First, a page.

Viva the Unitary Plan – Bugger off Phil Twyford

You all know the Unitary Plan was transformation and it responded to a real need – a lack of available land and housing supply.  It did this not by the Hamilton method of development – that is sprawl as far as the eye can see but by strategically going up and deleting the density controls in the three main residential zones, thus creating more land or more houses/Ha.

In short, the Unitary plan will achieve the goal of having provision for 400,000 news houses over the next 35 years.  Yes, there will be debate over the roll out and cost of infrastructure in the Future Urban zones.  We are seeing this in Warkworth North with a 99 Hectare private plan change being challenged by Auckland Council itself.  Not on the merits but that they should be in charge.   I am sure it will be approved, with Council input as to outcome and roll out.

Image source:


We are seeing consents being approved in the Mixed housing suburban and urban zones with densities of 1 house per 120m2 becoming normal in lower value areas.  The density and size of unit reflects the price point demand of the buyers, but each development has had thought as to how people live. Examples of this are pedestrian pathways, sun seeking outdoor areas, and coordination of parking areas away from street fronts.  Good outcomes all around.  The densities are higher than we thought would occur, but what the zones allow for is choice and flexibility and not all of the units will be 65m2 tow bedroom terraces and not all of them will be 250m2 five-bedroom family homes.


Turning to the Terrace House and Apartment zone which allows for 16, 5 level apartment buildings, we are seeing less of the maximisation and more of a site by site, market driven, optimisation.  That is building to the maximum may not be the profitable or it may not be what the market is after.  However, that does not mean we are not getting more intensive developments.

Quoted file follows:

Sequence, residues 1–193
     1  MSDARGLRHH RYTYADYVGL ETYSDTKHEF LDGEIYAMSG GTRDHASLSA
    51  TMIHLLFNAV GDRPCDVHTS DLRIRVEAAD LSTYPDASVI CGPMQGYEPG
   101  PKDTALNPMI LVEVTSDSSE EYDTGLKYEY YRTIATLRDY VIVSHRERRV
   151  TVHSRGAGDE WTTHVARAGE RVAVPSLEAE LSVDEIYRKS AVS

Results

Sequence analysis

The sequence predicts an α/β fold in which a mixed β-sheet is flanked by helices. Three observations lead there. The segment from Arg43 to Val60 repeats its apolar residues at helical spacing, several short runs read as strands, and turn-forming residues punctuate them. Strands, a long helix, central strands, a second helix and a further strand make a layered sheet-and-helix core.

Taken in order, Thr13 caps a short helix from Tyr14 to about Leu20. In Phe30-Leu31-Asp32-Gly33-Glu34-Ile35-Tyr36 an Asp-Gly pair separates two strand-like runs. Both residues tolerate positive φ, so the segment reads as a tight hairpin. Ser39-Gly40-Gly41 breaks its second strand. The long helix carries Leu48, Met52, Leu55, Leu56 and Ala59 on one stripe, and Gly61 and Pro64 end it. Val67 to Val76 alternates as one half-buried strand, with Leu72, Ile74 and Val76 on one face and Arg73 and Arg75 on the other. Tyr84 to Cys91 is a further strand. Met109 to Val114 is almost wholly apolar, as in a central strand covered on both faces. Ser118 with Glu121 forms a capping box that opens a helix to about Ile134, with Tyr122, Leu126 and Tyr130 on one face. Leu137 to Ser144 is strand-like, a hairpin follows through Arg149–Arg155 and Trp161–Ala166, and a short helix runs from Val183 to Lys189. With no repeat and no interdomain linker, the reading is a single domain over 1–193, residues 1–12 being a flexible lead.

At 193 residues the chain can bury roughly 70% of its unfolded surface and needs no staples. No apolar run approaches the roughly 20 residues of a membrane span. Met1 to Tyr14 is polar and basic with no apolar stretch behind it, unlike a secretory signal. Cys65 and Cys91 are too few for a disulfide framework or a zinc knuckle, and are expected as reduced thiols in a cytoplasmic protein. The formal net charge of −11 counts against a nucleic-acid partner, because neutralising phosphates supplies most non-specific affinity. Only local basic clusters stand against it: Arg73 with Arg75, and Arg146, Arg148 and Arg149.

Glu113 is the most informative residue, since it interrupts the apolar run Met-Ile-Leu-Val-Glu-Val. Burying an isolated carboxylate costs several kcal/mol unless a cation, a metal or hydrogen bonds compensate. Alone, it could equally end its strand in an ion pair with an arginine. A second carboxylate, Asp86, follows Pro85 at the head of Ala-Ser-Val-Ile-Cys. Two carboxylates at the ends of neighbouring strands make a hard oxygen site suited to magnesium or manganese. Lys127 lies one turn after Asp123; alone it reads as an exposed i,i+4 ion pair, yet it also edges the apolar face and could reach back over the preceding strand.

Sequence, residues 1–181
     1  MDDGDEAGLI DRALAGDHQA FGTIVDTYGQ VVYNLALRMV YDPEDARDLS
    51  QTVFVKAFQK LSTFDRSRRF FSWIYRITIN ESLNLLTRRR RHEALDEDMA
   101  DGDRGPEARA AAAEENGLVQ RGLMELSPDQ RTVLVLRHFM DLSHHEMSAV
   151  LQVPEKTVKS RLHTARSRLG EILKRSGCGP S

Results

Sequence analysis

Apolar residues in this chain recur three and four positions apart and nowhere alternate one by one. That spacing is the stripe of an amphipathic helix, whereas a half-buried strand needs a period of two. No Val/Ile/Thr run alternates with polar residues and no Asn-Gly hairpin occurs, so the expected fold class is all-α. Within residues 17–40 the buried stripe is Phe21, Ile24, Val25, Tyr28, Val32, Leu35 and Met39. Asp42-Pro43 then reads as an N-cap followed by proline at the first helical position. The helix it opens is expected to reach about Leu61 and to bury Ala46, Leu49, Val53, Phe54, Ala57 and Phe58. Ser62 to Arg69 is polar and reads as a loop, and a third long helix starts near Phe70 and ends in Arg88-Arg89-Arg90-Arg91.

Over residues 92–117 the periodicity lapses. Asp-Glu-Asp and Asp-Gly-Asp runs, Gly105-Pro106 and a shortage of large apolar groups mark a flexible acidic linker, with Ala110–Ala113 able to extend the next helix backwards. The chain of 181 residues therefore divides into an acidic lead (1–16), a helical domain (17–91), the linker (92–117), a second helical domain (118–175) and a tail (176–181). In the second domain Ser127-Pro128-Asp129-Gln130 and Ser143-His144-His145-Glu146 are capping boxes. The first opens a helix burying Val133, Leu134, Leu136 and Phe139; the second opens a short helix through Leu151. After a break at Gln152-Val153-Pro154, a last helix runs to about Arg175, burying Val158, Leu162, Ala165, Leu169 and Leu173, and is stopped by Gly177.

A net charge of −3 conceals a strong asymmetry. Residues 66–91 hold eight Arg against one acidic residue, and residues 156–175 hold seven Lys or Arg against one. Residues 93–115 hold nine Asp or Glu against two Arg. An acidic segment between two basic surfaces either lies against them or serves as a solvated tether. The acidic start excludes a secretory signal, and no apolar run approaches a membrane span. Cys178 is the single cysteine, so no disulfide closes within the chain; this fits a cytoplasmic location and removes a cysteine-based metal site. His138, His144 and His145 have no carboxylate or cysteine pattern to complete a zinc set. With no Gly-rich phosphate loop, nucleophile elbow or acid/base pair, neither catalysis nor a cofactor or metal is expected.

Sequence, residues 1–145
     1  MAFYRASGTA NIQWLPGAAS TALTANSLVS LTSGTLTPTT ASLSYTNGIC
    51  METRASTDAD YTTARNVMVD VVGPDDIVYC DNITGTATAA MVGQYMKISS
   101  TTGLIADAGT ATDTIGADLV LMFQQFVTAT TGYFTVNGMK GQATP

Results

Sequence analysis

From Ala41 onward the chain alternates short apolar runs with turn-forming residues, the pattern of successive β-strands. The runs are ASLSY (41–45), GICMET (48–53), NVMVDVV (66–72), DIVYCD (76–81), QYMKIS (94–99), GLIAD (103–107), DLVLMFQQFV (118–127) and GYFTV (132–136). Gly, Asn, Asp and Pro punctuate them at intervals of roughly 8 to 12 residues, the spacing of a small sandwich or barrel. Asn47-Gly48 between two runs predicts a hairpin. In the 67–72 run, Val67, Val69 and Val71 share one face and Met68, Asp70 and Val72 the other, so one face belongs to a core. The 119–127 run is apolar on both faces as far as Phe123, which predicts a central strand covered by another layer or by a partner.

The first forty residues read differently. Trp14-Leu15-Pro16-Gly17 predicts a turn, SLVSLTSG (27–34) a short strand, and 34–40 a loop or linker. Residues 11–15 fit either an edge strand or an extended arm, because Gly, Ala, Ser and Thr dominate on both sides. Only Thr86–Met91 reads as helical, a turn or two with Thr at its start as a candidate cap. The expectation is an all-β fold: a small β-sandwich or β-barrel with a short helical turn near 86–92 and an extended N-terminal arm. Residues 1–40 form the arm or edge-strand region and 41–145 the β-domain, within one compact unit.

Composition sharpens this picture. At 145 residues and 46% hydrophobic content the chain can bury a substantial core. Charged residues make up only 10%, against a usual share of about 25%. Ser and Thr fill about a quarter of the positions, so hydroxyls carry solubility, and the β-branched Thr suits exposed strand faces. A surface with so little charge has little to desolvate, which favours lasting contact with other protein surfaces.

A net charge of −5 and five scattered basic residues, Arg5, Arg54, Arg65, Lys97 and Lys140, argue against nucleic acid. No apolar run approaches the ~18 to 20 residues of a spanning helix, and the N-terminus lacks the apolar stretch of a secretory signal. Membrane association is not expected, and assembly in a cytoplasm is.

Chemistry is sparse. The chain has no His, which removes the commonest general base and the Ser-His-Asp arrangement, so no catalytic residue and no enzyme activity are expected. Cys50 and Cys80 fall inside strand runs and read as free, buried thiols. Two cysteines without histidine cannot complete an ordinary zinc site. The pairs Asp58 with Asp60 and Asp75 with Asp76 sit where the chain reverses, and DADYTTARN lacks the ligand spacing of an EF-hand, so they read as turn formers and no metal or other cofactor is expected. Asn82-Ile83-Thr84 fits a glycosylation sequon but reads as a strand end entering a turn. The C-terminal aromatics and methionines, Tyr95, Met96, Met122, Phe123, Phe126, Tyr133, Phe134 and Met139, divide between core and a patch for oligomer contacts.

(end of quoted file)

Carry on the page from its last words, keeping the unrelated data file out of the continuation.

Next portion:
Image source:

The Department of Internal Affairs defines residential high density as between 125-250 houses per hectare.  Now most of us would think that would require an apartment development to achieve that kind of density.  However, we are now involved with terrace house developments where we are achieving the 125 houses per hectare outcome.

Just because you have a rule in a plan which becomes a Council desire – that is a mantra where THAB zone means 5 level apartments, it does not mean the market – the people who have a choice and a budget will agree.   But if we can achieve higher densities in this zone and the other residential zones, then we are achieving the overarching Unitary plan goal and solving the housing crisis.

The bigger issue the Council should concern itself with is staff inconsistently applying rules and their own personal agendas.  This creates uncertainty to a developer who will fall back to what is easily consent-able, rather than having a fight with a power-hungry pen pusher.


Which brings me to Phil Twyford.  We now by law have some new agency which will be able to issue its own consents and decide what it thinks is right.   This will be the same shambles that Kiwibuild has been and the roll out of the housing by a government department that could not build an IKEA bookshelf without 60 meetings with 200 people.  The waste of money and time is breath-taking.  Trust me – the Unitary plan is working and can provide the housing we need.

Phil – get on with providing the infrastructure we need to make the housing happen, get on with facilitating private enterprise like what happened in Glen Innes with creating communities.    It is folly for the Government to be the builder, designer and developer.

Council get on with providing clear guidance to staff on consistent advice and keep a tally on the number of houses being built in each zone.  We may not get 5 level apartments on every THAB site, but who would have thought we would get 1 house per 120m2 in a mixed housing suburban zone.

Long Live the Unitary Plan – it should be rolled out to every City in NZ.

Hamish Firth


0 replies

Leave a Reply

Want to join the discussion?
Feel free to contribute!

Leave a Reply